Nanotechnology is area if science that has recently captured the attention of people all around the world. At the heart of the nanotechnology revolution are carbon nanotubes, amazing materials with astonishing properties. They have applications in most fields, with new possibilities emerging regularly.
Carbon nanotubes are not as straightforward as many believe them to be. Of course there are the simple single walled carbon nanotubes and the more complex multi walled carbon nanotubes, but there are also carbon nanotubes in a number of other forms. By altering reaction conditions, carbon nanotubes also exist as carbon cages, carbon nanohorns and carbon nanotubes with a structure reminiscent of bamboo.
Research work has just been released that provides a detailed analysis of the procedure for synthesising bamboo structured carbon nanotubes (BCNTs). The work by Zhonglai Li, Hongzhe Zhang, Joe Tobin, Michael A. Morris, Jieshan Qiu, Gary Attard and Justin D. Holmes from University College Cork, Dalian University of Technology and Cardiff University has been published in a special edition of the open access journal, AZoJono*.
This special edition of AZoJono features a number of papers from DESYGN-IT, the project seeking to secure Europe as the international scientific leader in the design, synthesis, growth, characterisation and application of nanotubes, nanowires and nanotube arrays for industrial technology.
The present work looked at bamboo-structured carbon nanotubes with a narrow diameter distribution synthesized on bimetallic copper-molybdenum catalysts. Findings included the catalytic nanoparticles playing a key role in the synthesis of the nanotubes as well as acting as nucleation seeds for growth. Raman and thermal gravimetric analysis results showed that the quality of the BCNTs was dependent on the amount of copper present in the catalyst. These results challenge accepted wisdom that significant yields of CNTs can only be formed from catalytic CVD routes if first row or mid-row transition elements are used as catalysts.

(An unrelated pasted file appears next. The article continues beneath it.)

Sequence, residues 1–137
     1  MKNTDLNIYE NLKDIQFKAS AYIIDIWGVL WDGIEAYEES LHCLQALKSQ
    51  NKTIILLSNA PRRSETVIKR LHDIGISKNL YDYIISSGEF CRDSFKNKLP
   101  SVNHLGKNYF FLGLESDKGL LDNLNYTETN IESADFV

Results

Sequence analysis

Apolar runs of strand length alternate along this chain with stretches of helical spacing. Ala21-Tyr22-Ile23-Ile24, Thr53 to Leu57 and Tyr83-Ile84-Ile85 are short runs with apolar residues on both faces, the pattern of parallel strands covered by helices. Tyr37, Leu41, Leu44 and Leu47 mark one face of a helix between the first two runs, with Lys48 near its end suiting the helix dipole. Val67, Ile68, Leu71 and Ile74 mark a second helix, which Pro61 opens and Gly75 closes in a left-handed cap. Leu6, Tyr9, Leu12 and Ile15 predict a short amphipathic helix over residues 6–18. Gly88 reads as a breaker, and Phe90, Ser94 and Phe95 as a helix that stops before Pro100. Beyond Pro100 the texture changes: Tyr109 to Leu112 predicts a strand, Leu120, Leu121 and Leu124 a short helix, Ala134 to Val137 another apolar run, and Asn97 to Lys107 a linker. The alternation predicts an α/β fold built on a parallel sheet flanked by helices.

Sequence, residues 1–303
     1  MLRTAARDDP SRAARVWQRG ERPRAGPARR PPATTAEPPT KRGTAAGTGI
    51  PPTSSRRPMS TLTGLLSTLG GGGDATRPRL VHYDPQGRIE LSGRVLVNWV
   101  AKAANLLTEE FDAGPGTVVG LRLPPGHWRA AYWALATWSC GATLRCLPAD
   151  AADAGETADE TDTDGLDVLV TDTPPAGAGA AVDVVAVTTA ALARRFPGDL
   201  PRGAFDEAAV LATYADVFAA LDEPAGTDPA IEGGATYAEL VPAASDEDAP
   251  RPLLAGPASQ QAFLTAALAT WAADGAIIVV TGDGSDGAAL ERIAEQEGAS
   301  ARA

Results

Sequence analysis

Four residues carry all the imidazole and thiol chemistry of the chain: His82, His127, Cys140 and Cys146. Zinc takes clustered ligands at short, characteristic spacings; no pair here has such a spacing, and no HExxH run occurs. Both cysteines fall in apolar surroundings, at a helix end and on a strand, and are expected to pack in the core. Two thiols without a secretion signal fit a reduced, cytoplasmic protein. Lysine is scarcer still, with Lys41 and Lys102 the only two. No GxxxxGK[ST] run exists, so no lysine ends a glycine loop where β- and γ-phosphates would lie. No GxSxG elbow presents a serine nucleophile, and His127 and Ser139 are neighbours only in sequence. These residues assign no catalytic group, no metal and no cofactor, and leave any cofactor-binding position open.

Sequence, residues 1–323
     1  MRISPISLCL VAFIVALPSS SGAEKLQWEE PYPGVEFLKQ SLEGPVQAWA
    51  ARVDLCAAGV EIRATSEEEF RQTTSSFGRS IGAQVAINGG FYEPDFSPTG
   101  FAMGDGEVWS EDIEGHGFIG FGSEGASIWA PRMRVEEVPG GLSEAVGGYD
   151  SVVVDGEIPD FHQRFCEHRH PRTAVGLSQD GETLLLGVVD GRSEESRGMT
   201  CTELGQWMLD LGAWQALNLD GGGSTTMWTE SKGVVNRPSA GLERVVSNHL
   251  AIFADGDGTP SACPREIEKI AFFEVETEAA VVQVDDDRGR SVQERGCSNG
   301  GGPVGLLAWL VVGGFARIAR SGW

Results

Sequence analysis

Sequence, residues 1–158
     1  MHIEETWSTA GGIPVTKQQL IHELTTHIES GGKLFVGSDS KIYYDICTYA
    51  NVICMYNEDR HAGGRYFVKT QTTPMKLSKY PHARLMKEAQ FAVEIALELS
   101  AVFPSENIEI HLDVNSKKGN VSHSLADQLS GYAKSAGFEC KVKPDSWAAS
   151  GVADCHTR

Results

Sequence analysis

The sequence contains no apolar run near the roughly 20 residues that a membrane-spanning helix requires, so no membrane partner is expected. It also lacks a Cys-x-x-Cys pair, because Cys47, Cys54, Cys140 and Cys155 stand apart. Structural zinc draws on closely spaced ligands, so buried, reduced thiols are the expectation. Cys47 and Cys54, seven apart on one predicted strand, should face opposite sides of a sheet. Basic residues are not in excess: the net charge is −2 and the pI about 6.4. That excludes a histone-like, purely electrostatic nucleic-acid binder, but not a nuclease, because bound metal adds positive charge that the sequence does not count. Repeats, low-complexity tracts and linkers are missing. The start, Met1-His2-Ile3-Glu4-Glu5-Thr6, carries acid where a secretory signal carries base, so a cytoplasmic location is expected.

The article is available to view in its entirety on AZoJono at http://www.azonano.com/Details.asp?ArticleID=2037
New biomaterial could replace plastic laminates, greatly reduce pollution
21.09.2017 | Penn State
Stopping problem ice -- by cracking it
21.09.2017 | Norwegian University of Science and Technology
Plants and algae use the enzyme Rubisco to fix carbon dioxide, removing it from the atmosphere and converting it into biomass. Algae have figured out a way to increase the efficiency of carbon fixation. They gather most of their Rubisco into a ball-shaped microcompartment called the pyrenoid, which they flood with a high local concentration of carbon dioxide. A team of scientists at Princeton University, the Carnegie Institution for Science, Stanford University and the Max Plank Institute of Biochemistry have unravelled the mysteries of how the pyrenoid is assembled. These insights can help to engineer crops that remove more carbon dioxide from the atmosphere while producing more food.
A warming planet
Our brains house extremely complex neuronal circuits, whose detailed structures are still largely unknown. This is especially true for the so-called cerebral cortex of mammals, where among other things vision, thoughts or spatial orientation are being computed. Here the rules by which nerve cells are connected to each other are only partly understood. A team of scientists around Moritz Helmstaedter at the Frankfiurt Max Planck Institute for Brain Research and Helene Schmidt (Humboldt University in Berlin) have now discovered a surprisingly precise nerve cell connectivity pattern in the part of the cerebral cortex that is responsible for orienting the individual animal or human in space.
The researchers report online in Nature (Schmidt et al., 2017. Axonal synapse sorting in medial entorhinal cortex, DOI: 10.1038/nature24005) that synapses in...
Whispering gallery mode (WGM) resonators are used to make tiny micro-lasers, sensors, switches, routers and other devices. These tiny structures rely on a...
Using ultrafast flashes of laser and x-ray radiation, scientists at the Max Planck Institute of Quantum Optics (Garching, Germany) took snapshots of the briefest electron motion inside a solid material to date. The electron motion lasted only 750 billionths of the billionth of a second before it fainted, setting a new record of human capability to capture ultrafast processes inside solids!
When x-rays shine onto solid materials or large molecules, an electron is pushed away from its original place near the nucleus of the atom, leaving a hole...
For the first time, physicists have successfully imaged spiral magnetic ordering in a multiferroic material. These materials are considered highly promising candidates for future data storage media. The researchers were able to prove their findings using unique quantum sensors that were developed at Basel University and that can analyze electromagnetic fields on the nanometer scale. The results – obtained by scientists from the University of Basel’s Department of Physics, the Swiss Nanoscience Institute, the University of Montpellier and several laboratories from University Paris-Saclay – were recently published in the journal Nature.
Multiferroics are materials that simultaneously react to electric and magnetic fields. These two properties are rarely found together, and their combined...
19.09.2017 | Event News
12.09.2017 | Event News
06.09.2017 | Event News
22.09.2017 | Life Sciences
22.09.2017 | Medical Engineering
22.09.2017 | Physics and Astronomy